You might think I was going to write about the process of art but really I'm just out of art photos so this studio shot is standing in for a painting. On the art front I am posting some paintings to the Boundless Gallery site this weekend so they should be available for viewing by Monday or so. It was very gratifying yesterday when a buyer received the 3 paintings she had purchased and expressed her sheer delight to me. That is the fun of selling directly, getting the feed back that reminds you of your initial intention.
I have been thinking about meditation today. The Zen meditation that I am familiar with and have practiced for the last 4 years consists of sitting facing the wall with eyes slightly downcast, but open. You are not thinking and not trying not to think. You are just sitting. Your aim is to be open and present. You hear sounds, you observe your thoughts. This is sometimes referred to as Shikantaza.
Lately, after taking a set of qi gong classes I have been trying the method of meditation suggested in that class. It is one that applies a concentrative focus on the hara or lower dan tien on the out breath. It is used to build concentration, focus and ultimately chi. I have actually found it really helpful to work with building focus and concentration, something that didn't really happen for me in the Soto Zen form. But I have also noticed how the mind gets in there when there is a task to do, as in focusing on something specific (like the hara and chi building). The mind wants to make this it's little project and once you do this you are on a slippery slope of watching and measuring and wanting things to go a certain way. And then suddenly it's all gone awry.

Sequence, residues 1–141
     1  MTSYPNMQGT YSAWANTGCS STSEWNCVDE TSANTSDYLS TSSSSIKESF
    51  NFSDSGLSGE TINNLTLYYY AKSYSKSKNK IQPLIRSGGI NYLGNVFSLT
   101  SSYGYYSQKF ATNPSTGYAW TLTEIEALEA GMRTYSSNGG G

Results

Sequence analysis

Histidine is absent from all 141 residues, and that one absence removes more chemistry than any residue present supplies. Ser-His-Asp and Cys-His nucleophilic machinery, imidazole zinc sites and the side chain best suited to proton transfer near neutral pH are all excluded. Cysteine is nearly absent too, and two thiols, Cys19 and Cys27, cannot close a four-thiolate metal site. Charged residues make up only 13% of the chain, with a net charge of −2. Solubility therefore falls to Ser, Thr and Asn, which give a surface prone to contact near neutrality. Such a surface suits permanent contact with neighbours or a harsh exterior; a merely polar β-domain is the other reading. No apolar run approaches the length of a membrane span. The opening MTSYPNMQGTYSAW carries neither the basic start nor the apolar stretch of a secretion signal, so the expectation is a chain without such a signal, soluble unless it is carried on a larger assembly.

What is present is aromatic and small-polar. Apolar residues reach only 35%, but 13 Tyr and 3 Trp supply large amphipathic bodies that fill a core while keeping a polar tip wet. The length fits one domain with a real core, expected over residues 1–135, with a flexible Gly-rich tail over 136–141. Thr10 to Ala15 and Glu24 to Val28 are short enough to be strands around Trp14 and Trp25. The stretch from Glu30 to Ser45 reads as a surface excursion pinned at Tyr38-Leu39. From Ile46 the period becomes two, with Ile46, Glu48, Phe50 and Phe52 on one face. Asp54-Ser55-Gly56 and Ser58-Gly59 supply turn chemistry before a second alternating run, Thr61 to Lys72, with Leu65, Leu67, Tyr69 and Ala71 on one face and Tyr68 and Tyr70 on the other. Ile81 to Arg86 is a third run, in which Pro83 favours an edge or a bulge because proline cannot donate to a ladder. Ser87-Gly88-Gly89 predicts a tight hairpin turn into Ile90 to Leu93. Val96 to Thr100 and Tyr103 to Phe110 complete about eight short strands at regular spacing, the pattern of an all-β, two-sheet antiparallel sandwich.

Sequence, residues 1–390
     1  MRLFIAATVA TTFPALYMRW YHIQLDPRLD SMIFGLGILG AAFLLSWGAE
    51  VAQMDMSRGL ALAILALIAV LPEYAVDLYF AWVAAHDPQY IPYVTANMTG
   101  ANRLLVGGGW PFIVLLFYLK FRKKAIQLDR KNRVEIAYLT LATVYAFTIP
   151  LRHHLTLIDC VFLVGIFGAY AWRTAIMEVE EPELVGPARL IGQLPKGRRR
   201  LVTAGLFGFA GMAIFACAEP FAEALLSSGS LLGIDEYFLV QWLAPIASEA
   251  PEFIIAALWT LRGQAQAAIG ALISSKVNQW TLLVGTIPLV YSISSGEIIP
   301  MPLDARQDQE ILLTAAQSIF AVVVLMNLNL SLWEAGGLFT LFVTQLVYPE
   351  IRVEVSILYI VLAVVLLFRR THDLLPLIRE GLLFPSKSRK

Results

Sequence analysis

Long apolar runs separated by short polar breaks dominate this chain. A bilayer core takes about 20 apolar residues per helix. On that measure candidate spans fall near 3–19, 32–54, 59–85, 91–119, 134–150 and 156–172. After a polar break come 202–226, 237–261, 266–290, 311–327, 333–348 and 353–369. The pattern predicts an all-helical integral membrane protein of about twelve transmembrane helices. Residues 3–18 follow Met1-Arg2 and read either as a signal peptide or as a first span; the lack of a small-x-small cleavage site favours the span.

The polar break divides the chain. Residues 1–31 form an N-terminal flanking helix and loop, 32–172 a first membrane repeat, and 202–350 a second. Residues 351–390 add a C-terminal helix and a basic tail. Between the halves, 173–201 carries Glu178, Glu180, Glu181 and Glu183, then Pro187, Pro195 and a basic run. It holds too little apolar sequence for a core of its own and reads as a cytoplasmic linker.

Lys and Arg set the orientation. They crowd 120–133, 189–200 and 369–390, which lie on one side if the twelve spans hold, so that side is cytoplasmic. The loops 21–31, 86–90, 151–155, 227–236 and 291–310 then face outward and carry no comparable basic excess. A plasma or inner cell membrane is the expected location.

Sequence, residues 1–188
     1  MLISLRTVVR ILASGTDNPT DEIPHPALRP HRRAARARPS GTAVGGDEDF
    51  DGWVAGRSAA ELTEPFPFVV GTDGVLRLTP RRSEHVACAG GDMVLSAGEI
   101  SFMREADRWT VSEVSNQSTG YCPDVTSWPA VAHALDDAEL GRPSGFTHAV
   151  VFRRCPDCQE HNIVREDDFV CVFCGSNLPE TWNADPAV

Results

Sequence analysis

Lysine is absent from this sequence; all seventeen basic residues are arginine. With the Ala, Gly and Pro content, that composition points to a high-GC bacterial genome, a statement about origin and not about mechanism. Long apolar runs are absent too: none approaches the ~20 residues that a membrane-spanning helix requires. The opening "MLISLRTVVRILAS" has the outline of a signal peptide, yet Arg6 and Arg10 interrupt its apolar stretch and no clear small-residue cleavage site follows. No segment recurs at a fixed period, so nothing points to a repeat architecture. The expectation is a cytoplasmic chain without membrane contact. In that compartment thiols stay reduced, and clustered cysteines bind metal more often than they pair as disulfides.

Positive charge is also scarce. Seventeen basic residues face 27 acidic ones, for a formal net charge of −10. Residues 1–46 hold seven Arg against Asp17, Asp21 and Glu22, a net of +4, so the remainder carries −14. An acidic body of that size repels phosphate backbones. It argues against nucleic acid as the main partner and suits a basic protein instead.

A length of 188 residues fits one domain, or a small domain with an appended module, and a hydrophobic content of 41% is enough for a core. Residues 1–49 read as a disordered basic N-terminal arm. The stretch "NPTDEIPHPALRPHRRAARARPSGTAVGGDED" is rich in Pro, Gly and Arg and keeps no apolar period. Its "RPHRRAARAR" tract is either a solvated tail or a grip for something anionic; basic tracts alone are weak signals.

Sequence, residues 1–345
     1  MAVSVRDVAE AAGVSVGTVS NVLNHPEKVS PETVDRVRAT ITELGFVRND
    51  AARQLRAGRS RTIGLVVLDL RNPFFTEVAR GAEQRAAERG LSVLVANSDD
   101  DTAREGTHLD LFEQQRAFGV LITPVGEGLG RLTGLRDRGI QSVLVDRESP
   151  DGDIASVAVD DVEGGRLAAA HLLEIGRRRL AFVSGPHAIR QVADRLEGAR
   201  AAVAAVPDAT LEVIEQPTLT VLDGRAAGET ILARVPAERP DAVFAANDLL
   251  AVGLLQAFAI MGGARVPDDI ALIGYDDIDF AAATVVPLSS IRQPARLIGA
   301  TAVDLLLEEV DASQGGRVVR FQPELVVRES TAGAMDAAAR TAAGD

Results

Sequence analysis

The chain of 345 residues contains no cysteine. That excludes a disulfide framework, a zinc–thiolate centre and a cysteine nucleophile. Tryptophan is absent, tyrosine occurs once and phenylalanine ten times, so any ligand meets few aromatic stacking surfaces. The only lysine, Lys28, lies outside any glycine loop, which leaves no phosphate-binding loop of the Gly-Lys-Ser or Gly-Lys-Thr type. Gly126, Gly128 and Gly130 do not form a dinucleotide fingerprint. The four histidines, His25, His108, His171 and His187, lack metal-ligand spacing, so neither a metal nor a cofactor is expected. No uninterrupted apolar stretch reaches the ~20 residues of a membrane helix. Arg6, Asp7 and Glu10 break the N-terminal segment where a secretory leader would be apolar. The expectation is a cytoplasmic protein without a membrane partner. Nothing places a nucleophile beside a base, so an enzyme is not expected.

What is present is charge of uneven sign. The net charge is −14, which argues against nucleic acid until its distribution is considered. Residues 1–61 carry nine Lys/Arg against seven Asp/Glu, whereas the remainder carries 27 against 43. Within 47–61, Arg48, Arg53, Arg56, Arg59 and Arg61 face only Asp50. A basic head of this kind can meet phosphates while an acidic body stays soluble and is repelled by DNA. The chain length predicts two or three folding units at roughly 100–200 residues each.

This morning after we'd finished sitting my partner read me a little excerpt that expressed this perfectly, from a book he's been reading called "Meditation week by week" by David Fontana. The quote was, "Whenever you intend that meditation should do something or reveal something, the conscious mind assumes it can do the work for you. Meditation works best, if as soon as you sit on your cushion, all thoughts of goals and attainments are relinquished. You sit in meditation simply because that is what you are doing." He reminds us that we need self discipline to help us remain focused. He talks about the pitfall of "feeling elated" about anything that happens and I can always remember when I first started meditating and at some point in the meditation I'd feel "ah, it's finally getting going here, or this is going well", and poof it would be gone. There is definitely a "no peeking" rule in meditation. Once your mind gets in and starts stirring, everything falls out the hole in the bottom of the pot.
So in sitting meditation it is just the same as our practice out in the world. It doesn't serve us to get attached to results, to have expectations, to think there is something to gain from our meditation. We are just sitting there like little Buddhas. As my friend the monk would say, "Buddha bows to buddha".